Connacht head coach Pat Lam admits it is difficult to strike a balance between encouraging and criticising his players, but believes man management is something he has improved on since arriving at the western province three years ago.
When asked, at the World Rugby Conference and Exhibition in London, about how he delivers feedback to players, Lam stated that chastising players has “a time and place” in coaching, but warned that it can’t always be the route taken when getting a point across.
“There is a place [for criticism], but the way I am with my players now, particularly the ones I’m coaching now in my fourth season, it’s totally different from my first six months.”
Certainly, the Samoan believes that a player should be reprimanded when appropriate, but a coach’s task lies in balancing that out with praise.
“Unless you have a relationship with your players, it’s very difficult to go up and down [in intensity]. I was a school teacher and you have to go up and down. You can’t be going like this (wags finger) all the time, because eventually players switch off. You can’t be nice all the time or else they’ll run all over you.”
Alongside the PRO12-winning coach at the conference was Ben Ryan, the man behind Fiji’s Olympic gold medal in the Men’s Sevens. He stripped down man management to its nuts and bolts.
“With Fiji, it was about keeping things simple. We used a traffic-light system. ‘How’re you feeling this morning? Green light.’ Then you start looking for information and find out the food was good last night or the player’s getting on well with his girlfriend.”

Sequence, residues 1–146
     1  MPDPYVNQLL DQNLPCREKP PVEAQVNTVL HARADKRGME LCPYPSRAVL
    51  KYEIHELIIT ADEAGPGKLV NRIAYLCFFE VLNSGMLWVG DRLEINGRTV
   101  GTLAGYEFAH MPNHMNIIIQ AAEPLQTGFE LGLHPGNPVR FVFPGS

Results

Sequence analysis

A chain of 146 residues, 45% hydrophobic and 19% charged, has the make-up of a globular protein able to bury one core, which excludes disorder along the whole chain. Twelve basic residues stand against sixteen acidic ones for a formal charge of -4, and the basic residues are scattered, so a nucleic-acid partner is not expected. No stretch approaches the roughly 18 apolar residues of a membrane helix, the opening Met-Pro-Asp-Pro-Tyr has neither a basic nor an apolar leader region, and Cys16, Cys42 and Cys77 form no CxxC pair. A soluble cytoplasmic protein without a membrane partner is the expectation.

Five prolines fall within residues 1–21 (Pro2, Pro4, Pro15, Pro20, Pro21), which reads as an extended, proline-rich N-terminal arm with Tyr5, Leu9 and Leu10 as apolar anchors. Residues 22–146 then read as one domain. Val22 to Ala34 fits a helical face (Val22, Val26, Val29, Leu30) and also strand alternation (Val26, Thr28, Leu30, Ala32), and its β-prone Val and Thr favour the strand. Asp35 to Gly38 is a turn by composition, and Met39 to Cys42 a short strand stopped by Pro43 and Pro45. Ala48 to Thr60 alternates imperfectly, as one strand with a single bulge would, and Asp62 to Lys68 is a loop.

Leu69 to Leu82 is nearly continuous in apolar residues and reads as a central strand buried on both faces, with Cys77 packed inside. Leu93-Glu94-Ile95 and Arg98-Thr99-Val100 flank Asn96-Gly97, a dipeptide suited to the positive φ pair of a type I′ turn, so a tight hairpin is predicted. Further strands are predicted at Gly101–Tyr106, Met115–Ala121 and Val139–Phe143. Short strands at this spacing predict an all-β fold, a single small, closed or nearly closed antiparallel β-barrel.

“If it’s red, then I go to the physio to get more information. It might be a physiological thing, or a bust-up with his wife. If it’s orange, the guy he’s sharing a room with is a guy who snores, so, he’s not getting enough sleep.”
Ryan believes the bigger picture is being ignored, as teams look to pump money into their high-performance analysis.
“The New York Knicks spent $10m on a software programme that analysed the players on the court. You can’t take a step that’s not analysed, so players are giving it their best. That’s not their problem. It’s having leaders on the court, which is a harder thing to measure.
“That’s where we’re taking away the technology, creating synergy and trying to get leaders.“
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